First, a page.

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Find yourself complaining about Black people in Westeros because it’s not faithful to the source material? Ask yourself why you have no problem with a thin Rhaenyra when she’s “thick of waist” in the book. HBO

After we watched the sixth episode of House of the Dragon, my girlfriend dived into A Wiki of Ice and Fire. The way they’re imagined by author George R.R. Martin, Princess Rhaenyra was known as being “thick of waist” and having a “large bosom,” because she never lost weight after her pregnancies, in contrast to Queen Alicent, who retained her pre-pregnancy figure. Clearly, HBO did not adhere to the source material, Martin’s Fire & Blood, when casting Rhaenyra — Emma D’arcy playing the adult princess does not fit the book’s physical description. The reason I bring this up is that nobody seems to be bothered about it and certainly not in the way some people are bothered — vociferously — about the Black actors who portray the Velaryons.

In “Fear of a Black Hobbit,” The Atlantic unpacked why — besides the obvious catering to a vocal minority of racist, conservative consumers — such backlash to adding a few nonwhite characters to any imaginary world exists in the first place. To sum it up: In addition to racist, conservative values, nostalgia is a hell of a drug, and an embarrassing number of cis, hetero, white men of a certain age — old enough to have seen Star Wars when it was still relatively new, plus or minus a decade — are just chasing the dragon of seeing a lightsaber on a big screen when they were little kids. In response, studio content has to keep giving these delicate, developmentally arrested fanboys an overabundance of heroes who look like them for fear that these racist dweebs will shout down their expensive intellectual properties’ content. Like blonde, willowy Galadriel jumping out of the elves’ boat or the ghosts who haunt the Freelings’ home in Poltergeist, these dudes just refuse to move on.

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Often, the arguments of these reactionary nerds are couched in notions of “historical accuracy,” because IPs such as Martin’s or Tolkien’s universes are inspired by eras and places that have existed in the real world, and the “inaccuracy” of a nonwhite character in such a world somehow hampers their suspension of disbelief, thereby making it less likely that they will continue consuming any more of the IP’s related products. Really? In these shows that feature dragons and dwarves and elves and anachronistic mishmashes of sartorial choices and technology, the Black guy is the unbelievable part? You are mad that Corlys (Steven Touissaint), Laenor (Theo Nate/John Macmillan), and Laena (Nanna Blondell/Savannah Steyn/Nova Foueillis-Mose), who are not assigned a skin color in the book, are Black on the show? But not that the thicc mom Rhaenyra of the book is thin on TV?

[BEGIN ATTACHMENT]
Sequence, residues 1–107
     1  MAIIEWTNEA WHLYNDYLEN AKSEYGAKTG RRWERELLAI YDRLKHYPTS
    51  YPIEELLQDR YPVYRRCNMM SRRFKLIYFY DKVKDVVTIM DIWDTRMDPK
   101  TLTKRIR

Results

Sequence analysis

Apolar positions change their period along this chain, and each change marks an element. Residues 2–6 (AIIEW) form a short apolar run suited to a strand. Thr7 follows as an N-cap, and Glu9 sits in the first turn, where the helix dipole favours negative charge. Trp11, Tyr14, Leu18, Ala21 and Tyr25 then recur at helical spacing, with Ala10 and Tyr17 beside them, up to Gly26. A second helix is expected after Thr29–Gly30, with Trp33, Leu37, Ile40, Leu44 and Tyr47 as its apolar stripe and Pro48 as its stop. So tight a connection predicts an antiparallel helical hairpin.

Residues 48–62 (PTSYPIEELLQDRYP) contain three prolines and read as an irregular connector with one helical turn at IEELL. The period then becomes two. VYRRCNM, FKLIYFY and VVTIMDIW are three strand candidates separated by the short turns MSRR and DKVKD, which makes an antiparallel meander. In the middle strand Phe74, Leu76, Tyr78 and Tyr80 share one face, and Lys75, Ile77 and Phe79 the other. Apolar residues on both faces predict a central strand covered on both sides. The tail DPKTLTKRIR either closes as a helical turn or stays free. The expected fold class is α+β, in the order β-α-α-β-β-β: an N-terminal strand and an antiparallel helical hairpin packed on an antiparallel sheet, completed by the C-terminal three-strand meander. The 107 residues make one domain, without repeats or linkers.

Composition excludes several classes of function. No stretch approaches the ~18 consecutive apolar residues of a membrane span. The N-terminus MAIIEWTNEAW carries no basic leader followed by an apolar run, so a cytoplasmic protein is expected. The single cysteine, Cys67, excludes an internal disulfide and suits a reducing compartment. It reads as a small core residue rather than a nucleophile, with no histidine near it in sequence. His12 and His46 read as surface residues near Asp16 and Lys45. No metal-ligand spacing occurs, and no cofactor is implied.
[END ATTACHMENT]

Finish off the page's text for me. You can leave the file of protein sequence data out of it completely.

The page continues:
Well, perhaps to the relief of these racist, reactionary shitheads, in “The Princess and the Queen,” the fact that some of these characters are Black matters narratively in this episode and in a way that the difference between Rhaenyra’s dress size in the book and the show does not. This episode’s title is the same as Martin’s 2013 novella about the civil war between Rhaenyra’s and Alicent’s factions, and in fealty to that novella, this episode is where their disagreement over the throne’s inheritance really kicks into gear, and it is precisely because Rhaenyra’s kids don’t look like Laenor, whom she married in the previous episode.

Because Laenor is assumed to be a white-skinned person in the book, the true identity of the father of Rhaenyra’s sons is said to be unclear, but on the show, much to the outrage of the world’s racist, conservative fanboys, Laenor is not only Black but gay. Yet he and Rhaenyra have children, the third of which she delivers in the opening scene. None of them share their presumed father’s skin tone or his silver hair. In fact, as Alicent (Olivia Cooke) insinuates to husband Viserys (Paddy Considine), her sworn protector Ser Criston Cole (Fabian Frankel) and later, castle gossip-monger Larys “Clubfoot” Strong (Matthew Needham), anyone with eyes can spot the resemblance of Rhaenyra’s boys — first-born Jacaerys (Leo Hart) and second-born Lucerys (Harvey Sadler) — to city watch commander Harwin Strong (Ryan Corr). Maybe Laenor tricks himself into thinking the boys might be his (and we are left to assume that he has made a token effort at the appropriate times to sire children on Rhaenyra), but when Harwin cradles Rhaenyra’s newborn in his massive, armored arms, well, Alicent’s right. Anybody with eyes can probably see the truth if they aren’t willfully naive.